But even with those consequences, she will still rather see her lover everyday than see him eaten alive by a tiger, right? If she signalled for him to be eaten by the tiger, she would be stuck with the knowledge that his death was her doing. The guilt will consume her, she killed the man she loved, and perhaps will turn her into a hollowed version of herself before the trial took place. Though that may be true, the king was said to have semi-barbaric traits. Symbolically, could those traits have passed down to his daughter? Perhaps, she is selfish and she wants all of the man’s love only for her. Perhaps the tiger appealed more to the princess because it ends a cycle of life. Sure, this man is one that she loves but the thought of violence could attract her even more because of her implied barbarism. She has this man’s fate wrapped around his finger and whatever she choose, he will go to confidently because he knows her and trusts her decision, no matter what it is.
There are many themes in this story that could be applied to reality but what I would like to discuss is the theme of fate. The king in his story put this man on trial but even he doesn’t know what is in each door and he doesn’t care what this man gets because in one way or another, it is his punishment. My 9th English teacher called him a symbol of god or the universe in a way, a person who doesn’t care about our meager lives until we have done something that not only affect them but angers them. Ultimately, our fate is decided by them but our will is not. It is decided by ourselves which door we choose to go to, whether we listen to the princess we love on which door to go to or not. The man knows all about his lover’s nature and yet chooses to go into the door she instructs him to go to. He didn’t choose to be on trial but he is going to choose what door he goes into. He is choosing the way he wants the rest of his life to go, though he was put into this predicament that the universe/God/someone else had put him into. We are put into hard situations all the time by someone else but ultimately, it is in our hands the way we decide how we must deal with it. Do we ignore it? Do we push through its obstacles? Do we give up? Whatever occurs next would be our decision, whether we would want to accredit ourselves with this information or not.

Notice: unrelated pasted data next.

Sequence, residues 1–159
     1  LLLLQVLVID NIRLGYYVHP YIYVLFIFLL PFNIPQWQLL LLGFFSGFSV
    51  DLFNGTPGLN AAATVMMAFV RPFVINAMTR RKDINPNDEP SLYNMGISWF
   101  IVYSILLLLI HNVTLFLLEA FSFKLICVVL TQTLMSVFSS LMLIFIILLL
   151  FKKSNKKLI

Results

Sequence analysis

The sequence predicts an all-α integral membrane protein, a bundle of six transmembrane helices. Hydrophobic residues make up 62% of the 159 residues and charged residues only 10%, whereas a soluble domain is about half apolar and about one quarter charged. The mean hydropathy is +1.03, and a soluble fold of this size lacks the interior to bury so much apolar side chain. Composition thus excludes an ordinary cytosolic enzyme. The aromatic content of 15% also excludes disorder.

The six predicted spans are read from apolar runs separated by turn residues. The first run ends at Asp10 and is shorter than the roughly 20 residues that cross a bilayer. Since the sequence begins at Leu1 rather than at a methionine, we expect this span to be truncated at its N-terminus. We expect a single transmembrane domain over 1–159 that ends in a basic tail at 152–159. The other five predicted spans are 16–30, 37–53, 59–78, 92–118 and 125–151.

(I can’t claim credit for most of the information presented; it came from the knowledge of my 9th English teacher.)
Biblioteca de Convento de Mafra: This library is located in Mafra, Portugal. It is filled with leather-bound books from the 14th to the 19th centuries. This library had once been a part of the Mafra National Palace and it’s exquisite structure still stands today because of the bats sleeping in the shelves to keep away any pests. You should see it if you are ever nearby!
National Library of China: This library is located in Beijing, China. Several shelves consist of archives dating to the Song Dynasty and even some made of tortoise shells and bones from the Qing Dynasty. In the year of 1909, this library had been granted by the Xuantong emperor as an ordinary library but after the Revolution of 1911, it was taken over by the Ministry of Education and eventually led to being the country’s national library. People of all different interests in books find this library absolutely astounding.
Abbey Library of St. Gall: This library is located in St. Gallen, Switzerland. The paintings on the roof and the fashion of the book shelves leaves people breathless at first sight. This library is attached to the church of Abbey of St. Gall and has archives that date back to 820 CE. In the mid-18th century, the library had been redone in the Renaissance art style and architecture. A must-see that doesn’t allow any photography inside!